Can cats see in the dark like night vision goggles?
Explore the night vision of the cat.
It is well known that the cat is known for its keen senses - especially its vision. But just how good are its eyesight? Can they see well in the dark? Is it similar to night vision goggles? Let's explore the cat's night vision in this issue.
Can cats see clearly in the dark?
Cats can see better in the dark than we humans can. In dimly lit environments or dimly lit places, cats can see more clearly than we can. This is because cats have more receptors in their eyes than we do. These receptors are called optic rods, and they are sensitive to light and can help them see anywhere from six to eight times better than we can!
Their pupils are more capable of dilation than ours, which helps bring in more light. However, cats do not see very well in the absolute absence of light. Cats must have at least a very small light source to see in the dark. So even though cats can see well in the dark, they are not nocturnal, and cats prefer to be active at dusk and dawn.
How is a cat's night vision different from that of a human?
The difference between a cat's vision and a human's vision is in the retinal area of the eye. In the retina, there will be light-sensitive cells, and there are two different types of these cells, called rod cells and cone cells. The role of the cone cells is to help see during the day and detect shades of various colors. On the other hand, the optic rods help with night vision and peripheral vision.
Cats have many rod receptors, but not as many cone receptors. This combination explains why cats can see well at night, but cannot detect colors well. For humans, the opposite is true. We are better at seeing different colors, but not so good at seeing at night.
Another factor that makes a cat's night vision different from that of humans is its fuzzy layer - or thin reflective layer located at the back of the eye. When they are in a dark environment, this layer bounces back and amplifies light. This explains why cats' and dogs' eyes may glow in the dark.
Cats are color blind too
While cats may have excellent night vision, their eyesight is not perfect. Cats are red/green blind.
Unlike humans, who have three different types of color receptors called optic cones, cats have only two different types of optic cones and far fewer of them. This means that shades of red and green are gray to them. Although they may not be able to see certain colors, cats are not completely colorblind as some people believe.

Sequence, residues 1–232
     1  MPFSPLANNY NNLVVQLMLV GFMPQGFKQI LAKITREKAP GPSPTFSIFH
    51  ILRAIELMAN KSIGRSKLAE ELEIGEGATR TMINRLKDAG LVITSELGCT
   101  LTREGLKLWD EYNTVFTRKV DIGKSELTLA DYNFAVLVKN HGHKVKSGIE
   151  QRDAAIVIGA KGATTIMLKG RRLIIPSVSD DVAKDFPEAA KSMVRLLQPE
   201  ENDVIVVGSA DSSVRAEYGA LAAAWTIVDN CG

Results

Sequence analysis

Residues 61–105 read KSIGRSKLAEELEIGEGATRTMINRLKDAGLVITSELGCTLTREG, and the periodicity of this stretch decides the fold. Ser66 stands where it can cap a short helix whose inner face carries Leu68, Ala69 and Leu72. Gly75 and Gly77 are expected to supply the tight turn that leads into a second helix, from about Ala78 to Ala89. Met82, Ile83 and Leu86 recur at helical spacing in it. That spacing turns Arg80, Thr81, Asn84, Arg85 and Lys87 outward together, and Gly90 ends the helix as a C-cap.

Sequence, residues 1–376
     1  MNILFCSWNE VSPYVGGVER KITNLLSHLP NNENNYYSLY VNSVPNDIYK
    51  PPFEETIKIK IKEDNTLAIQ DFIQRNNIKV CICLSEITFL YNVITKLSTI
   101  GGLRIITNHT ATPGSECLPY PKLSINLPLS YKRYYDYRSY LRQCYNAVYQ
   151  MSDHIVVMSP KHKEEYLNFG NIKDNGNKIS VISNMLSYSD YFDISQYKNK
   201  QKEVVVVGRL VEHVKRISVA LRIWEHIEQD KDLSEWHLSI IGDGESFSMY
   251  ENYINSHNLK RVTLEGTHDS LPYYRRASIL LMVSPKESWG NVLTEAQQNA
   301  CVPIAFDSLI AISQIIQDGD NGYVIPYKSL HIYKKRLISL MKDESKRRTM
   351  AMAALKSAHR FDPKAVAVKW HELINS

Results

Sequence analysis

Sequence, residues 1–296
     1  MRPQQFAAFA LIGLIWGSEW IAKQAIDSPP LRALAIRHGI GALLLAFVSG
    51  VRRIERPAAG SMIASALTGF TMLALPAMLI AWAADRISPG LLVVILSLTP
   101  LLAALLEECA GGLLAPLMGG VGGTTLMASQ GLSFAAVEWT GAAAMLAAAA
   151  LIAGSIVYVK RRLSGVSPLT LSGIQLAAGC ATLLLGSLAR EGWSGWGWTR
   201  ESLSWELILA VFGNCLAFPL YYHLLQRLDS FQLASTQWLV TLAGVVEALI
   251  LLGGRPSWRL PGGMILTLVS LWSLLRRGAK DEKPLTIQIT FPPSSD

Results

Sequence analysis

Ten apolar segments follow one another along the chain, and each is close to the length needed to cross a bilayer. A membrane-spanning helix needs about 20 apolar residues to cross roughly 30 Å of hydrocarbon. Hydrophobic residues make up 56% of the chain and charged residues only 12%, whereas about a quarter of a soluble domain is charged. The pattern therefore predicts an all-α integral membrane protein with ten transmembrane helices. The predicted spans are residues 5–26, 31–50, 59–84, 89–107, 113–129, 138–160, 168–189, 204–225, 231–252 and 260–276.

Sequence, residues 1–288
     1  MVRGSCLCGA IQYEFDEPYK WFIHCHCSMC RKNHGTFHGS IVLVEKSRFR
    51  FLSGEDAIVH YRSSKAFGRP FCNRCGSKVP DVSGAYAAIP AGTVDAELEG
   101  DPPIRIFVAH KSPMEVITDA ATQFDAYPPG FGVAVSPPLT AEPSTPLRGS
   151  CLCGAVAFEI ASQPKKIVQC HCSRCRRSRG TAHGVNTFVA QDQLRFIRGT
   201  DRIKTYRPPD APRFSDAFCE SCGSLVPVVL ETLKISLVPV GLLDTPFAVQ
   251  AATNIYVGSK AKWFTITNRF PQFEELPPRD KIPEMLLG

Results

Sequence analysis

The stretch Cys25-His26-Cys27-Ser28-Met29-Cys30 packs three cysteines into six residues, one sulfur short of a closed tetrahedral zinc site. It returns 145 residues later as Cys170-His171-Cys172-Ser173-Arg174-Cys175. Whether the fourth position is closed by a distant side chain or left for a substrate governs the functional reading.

They can see color, even if it is not as vivid and bright as human vision. This refutes the myth that cats see black and white. Seeing black and white is known as monochromatic and is very rare. Cats see colors in a slightly different way than we do; their color blindness is similar to that of humans, and some specific colors (red and green) are more difficult to process. However, cats are much better at seeing shades of blue and yellow than red and green. They also rely heavily on the brightness of colors when viewing the world.
Therefore, you may want to consider getting your cat a yellow pet toy or a blue toy, as both will be more appealing and easier for your cat to see.
What are the limitations and advantages of a cat's eyesight?
Being able to see well in the dark also comes at a cost for cats. They cannot distinguish details in their surroundings as well as humans can. They also have a much shorter range of vision when it comes to distance. Humans can see details from 30-60 meters away, in contrast, cats can only see about 10 meters, which is a relatively short distance.
This is because cats lack the muscles needed to be able to change the shape of their eyes. For example, if you have ever held a cat toy close to a cat's face, you may have noticed that it starts to sniff it. This behavior is not only their way of detecting the smell of an object but also of determining what the object is because it is difficult for them to see it. At close range, it is difficult for a cat to focus its eyes on an object, so if you place the toy very close, the cat will use its sensitive whiskers to detect it.
Although cats have a much fuzzier field of view, they have a wider field of view of 200 degrees (humans have a field of view of 180 degrees), which provides better peripheral vision.
So now you know the answer to whether cats can see well in the dark! Although cats' night vision is not as powerful as most people would expect, their eyes are still very impressive, which is part of what makes them successful hunters.